You should try to drink plenty of fluids to help flush the radioactive iodine out of your system.

Your sweat and urine is radioactive during this time. Your sheets may be changed every day and the hospital staff may ask you to flush the toilet more than once after you have used it.

Being in a room on your own (isolation) protects other people from radiation. Pregnant women and children are not allowed into your room. Other visitors are only able to stay for a short time each day. And the amount of time staff are allowed into your room is limited.

It is important that you know that you are not at any risk from the radiation. The staff in the hospital give this treatment to many people. So, the amount of radiation they are exposed to has to be limited.

Being looked after in a single room can feel lonely. Some people find it frightening. It can help to talk to the nurses about your worries. They can reassure you.

For a few days after radioactive iodine treatment, you will be slightly radioactive. Every day the doctors will come and take measurements from you to work out how much radiation is left in your body. They will tell you when the radioactivity has dropped to a safe level and you can go home.

If you had to stop taking your thyroid hormone tablets, your nurse will tell you when you can start to take them again. Usually, this is 3 days after your treatment.

You will need to take thyroxine tablets to replace the hormones that your thyroid gland normally makes. Your doctors will want to keep your thyroid hormones at a slightly higher level than you would normally need. This is to stop your body producing another hormone called thyroid stimulating hormone (TSH). TSH can help some types of thyroid cancer cells to grow.

The Trial

The trial will recruit at least 454 people. It is a randomised trial. The people taking part are put into treatment groups by a computer. Neither you nor your doctor will be able to decide which group you are in.

Half the people taking part have radioactive iodine treatment, the other half do not.

The trial team will ask you to fill in some questionnaires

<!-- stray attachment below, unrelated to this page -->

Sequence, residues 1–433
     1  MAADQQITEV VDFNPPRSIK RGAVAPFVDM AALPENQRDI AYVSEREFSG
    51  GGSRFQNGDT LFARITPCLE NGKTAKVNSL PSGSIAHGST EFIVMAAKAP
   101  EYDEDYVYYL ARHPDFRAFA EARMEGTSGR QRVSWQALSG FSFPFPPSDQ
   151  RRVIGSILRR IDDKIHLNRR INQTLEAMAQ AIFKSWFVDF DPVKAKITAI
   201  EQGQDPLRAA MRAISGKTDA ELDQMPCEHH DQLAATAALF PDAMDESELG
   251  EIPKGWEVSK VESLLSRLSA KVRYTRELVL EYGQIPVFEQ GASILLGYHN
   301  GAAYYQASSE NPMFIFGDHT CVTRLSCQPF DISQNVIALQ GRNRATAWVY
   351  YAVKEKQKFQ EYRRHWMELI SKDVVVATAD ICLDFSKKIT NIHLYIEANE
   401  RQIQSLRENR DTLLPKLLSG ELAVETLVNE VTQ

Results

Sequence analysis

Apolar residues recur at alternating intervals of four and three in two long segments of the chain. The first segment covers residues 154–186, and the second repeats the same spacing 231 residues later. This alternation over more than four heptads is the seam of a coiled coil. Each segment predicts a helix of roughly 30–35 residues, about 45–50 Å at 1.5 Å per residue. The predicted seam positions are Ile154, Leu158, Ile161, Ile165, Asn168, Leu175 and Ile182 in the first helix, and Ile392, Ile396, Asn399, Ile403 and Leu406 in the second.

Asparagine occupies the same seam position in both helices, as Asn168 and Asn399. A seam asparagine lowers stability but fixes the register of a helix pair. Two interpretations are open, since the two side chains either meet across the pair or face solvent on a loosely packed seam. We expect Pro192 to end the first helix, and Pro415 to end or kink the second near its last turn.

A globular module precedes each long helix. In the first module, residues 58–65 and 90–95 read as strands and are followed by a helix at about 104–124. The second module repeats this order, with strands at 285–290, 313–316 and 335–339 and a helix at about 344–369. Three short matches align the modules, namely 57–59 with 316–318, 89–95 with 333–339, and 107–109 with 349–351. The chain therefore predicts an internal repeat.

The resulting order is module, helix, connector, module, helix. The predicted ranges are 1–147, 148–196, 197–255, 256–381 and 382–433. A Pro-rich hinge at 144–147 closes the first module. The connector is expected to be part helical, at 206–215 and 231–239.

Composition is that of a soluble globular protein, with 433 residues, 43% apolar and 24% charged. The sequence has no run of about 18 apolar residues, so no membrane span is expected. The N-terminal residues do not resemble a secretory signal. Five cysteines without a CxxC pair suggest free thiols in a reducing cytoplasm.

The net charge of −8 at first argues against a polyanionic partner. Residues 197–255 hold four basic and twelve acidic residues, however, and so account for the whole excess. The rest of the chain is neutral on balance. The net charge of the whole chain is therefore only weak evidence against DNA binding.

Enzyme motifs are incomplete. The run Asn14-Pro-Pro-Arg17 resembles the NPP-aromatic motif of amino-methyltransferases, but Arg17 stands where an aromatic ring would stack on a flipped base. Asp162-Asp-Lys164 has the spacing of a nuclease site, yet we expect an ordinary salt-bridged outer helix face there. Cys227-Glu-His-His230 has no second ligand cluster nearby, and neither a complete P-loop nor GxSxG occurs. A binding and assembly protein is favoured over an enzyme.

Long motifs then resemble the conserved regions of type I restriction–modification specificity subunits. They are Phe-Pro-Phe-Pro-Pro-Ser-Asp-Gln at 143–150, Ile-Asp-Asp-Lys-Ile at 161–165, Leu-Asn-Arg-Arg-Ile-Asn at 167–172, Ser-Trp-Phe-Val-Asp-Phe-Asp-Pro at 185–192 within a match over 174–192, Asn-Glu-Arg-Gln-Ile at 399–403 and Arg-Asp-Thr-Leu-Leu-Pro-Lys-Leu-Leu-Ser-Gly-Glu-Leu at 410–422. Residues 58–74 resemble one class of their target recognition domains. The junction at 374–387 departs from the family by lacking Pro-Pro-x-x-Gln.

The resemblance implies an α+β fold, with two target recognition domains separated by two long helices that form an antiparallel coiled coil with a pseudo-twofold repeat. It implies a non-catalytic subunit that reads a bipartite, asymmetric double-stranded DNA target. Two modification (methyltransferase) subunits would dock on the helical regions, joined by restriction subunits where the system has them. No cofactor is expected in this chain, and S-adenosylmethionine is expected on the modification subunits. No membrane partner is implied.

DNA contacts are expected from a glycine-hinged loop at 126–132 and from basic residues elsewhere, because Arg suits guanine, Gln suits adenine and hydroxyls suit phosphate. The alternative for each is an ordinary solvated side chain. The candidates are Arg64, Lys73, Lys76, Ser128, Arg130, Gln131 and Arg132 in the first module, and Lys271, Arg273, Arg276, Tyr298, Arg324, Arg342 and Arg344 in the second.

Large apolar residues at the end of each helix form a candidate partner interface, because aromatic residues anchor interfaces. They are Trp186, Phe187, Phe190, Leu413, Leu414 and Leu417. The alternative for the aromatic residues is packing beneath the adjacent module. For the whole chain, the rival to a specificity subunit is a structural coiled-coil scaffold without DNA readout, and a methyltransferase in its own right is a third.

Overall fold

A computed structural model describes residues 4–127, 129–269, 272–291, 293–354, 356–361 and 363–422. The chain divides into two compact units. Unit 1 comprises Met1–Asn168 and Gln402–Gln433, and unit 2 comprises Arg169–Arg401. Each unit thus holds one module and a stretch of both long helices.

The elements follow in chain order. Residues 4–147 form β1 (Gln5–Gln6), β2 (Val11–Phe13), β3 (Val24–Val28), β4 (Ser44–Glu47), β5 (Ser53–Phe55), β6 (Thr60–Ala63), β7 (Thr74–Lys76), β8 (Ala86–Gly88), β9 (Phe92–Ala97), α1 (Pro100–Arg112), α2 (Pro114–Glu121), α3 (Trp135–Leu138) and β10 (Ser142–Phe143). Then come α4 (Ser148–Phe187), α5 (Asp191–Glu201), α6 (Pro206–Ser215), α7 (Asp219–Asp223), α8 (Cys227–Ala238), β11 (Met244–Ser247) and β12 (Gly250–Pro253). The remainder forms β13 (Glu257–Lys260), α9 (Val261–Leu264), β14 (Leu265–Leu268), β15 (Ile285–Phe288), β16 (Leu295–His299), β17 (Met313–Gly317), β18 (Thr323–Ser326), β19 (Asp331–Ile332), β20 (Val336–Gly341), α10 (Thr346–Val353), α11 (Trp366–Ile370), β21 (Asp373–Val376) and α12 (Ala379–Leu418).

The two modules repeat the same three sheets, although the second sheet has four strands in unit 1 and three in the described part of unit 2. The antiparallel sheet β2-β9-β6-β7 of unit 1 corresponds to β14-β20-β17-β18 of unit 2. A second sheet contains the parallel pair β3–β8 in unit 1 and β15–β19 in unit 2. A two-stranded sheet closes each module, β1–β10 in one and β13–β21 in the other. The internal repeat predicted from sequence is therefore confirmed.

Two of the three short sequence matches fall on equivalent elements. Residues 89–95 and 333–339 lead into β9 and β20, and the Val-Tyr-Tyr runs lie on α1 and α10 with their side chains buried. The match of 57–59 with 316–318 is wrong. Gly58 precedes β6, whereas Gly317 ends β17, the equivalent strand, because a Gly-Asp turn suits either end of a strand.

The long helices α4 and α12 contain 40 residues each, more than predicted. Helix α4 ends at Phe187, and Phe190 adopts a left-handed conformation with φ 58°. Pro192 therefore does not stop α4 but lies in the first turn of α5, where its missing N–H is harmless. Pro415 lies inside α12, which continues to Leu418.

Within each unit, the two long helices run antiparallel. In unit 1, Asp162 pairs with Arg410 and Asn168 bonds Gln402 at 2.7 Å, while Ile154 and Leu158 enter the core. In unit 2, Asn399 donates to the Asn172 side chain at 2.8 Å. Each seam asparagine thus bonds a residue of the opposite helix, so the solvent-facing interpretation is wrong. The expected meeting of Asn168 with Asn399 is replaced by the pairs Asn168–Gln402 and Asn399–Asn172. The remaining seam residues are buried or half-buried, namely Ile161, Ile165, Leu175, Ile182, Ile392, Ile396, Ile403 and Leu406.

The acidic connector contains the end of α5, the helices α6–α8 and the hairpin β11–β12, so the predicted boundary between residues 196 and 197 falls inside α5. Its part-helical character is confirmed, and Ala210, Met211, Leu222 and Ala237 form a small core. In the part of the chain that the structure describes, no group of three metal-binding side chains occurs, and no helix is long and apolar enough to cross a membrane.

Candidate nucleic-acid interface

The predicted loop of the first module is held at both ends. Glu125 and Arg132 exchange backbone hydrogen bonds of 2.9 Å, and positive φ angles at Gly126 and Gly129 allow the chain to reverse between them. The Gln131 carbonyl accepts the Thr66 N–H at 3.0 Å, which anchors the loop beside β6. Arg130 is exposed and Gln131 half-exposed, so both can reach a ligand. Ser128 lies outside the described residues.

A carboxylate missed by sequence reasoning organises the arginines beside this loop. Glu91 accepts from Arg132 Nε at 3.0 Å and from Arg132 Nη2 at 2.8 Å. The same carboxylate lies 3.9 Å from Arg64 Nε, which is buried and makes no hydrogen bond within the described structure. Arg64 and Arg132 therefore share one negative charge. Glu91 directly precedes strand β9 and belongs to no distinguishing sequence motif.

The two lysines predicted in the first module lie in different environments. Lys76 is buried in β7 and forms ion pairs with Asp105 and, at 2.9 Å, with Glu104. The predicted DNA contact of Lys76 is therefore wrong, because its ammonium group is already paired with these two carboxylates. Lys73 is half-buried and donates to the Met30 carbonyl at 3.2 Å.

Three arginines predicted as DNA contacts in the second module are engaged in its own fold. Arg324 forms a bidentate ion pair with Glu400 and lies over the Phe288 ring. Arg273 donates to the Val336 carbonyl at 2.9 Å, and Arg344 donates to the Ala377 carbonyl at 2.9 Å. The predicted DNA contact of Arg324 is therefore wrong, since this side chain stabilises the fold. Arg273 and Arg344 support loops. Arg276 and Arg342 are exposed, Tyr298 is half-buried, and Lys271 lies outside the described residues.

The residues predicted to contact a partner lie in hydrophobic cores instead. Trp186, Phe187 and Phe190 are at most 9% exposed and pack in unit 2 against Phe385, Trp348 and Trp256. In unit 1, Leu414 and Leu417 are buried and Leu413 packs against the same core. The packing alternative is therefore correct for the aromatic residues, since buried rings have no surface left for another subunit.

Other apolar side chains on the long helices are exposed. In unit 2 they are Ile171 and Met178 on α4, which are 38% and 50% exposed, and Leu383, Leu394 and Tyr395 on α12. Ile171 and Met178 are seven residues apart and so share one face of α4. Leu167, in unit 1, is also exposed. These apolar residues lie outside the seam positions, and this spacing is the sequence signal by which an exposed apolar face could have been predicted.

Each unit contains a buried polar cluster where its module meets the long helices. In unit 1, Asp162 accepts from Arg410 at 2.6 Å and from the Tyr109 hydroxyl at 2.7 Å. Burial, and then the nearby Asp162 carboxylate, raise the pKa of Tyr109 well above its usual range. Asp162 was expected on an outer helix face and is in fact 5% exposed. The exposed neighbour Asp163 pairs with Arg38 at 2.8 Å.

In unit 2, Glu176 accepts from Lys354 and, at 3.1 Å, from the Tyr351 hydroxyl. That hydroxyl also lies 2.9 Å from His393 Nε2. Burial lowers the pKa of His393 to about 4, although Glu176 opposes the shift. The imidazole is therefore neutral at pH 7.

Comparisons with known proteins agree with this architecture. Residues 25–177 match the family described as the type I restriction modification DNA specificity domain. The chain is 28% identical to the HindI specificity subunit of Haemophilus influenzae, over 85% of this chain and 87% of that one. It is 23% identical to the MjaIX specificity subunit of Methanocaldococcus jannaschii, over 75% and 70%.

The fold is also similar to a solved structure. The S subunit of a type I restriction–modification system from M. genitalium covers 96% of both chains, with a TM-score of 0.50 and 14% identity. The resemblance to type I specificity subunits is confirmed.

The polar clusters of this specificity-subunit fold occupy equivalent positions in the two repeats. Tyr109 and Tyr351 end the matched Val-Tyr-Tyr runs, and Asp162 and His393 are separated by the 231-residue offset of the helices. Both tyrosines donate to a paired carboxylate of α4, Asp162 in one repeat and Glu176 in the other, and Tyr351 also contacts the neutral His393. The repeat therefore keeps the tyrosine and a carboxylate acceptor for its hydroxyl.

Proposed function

• When you join the trial
  • After 2 months
  • Between 6 and 9 months later
  • Then every 6 months for the next 5 years

The questionnaires will ask about side effects and how you’ve been feeling.  This is called a quality of life study.

The trial team will ask your permission to keep a sample of cancer that was removed when you had surgery, and to take an extra blood sample. Researchers will use these samples to learn more about thyroid cancer and how best to treat it.

When you join the trial, you have a blood test and an ultrasound scan of your neck to see how much (if any) thyroid tissue is left after your operation.

You will then have another blood test to measure thyroglobulin levels. Before you have this test, you have to stop your thyroid hormone tablets for a while, or have a drug called recombinant human thyroid stimulating hormone (rhTSH). Whether you stop your tablets or have rhTSH will depend on the usual practice at the hospital where you are having your treatment.

If you are in the group having radioactive iodine, you will have this after having the scan of your neck, possibly on the same day. You may stay in hospital for between 1 and 3 days while the radioactive iodine takes effect. If you stopped taking your hormone tablets, you can start them again about 2 days after having the radioactive iodine.

If you are in the group not having radioactive iodine treatment and you stopped taking your hormone tablets, you can start them again straight after having the blood test.

You have a blood test 2 months later. The doctors may change the dose of thyroid hormones you take after looking at the result of this test. You will not have to stop your hormone tablets or have rhTSH at this visit.

Between 6 and 9 months after having the first neck ultrasound scan (and radioactive iodine treatment if you had it), you have another ultrasound scan and a blood test. You will also have a 2nd blood test to measure thyroglobulin levels. As before, you have to stop your hormone tablets for a while, or have rhTSH for 2 days before this blood test.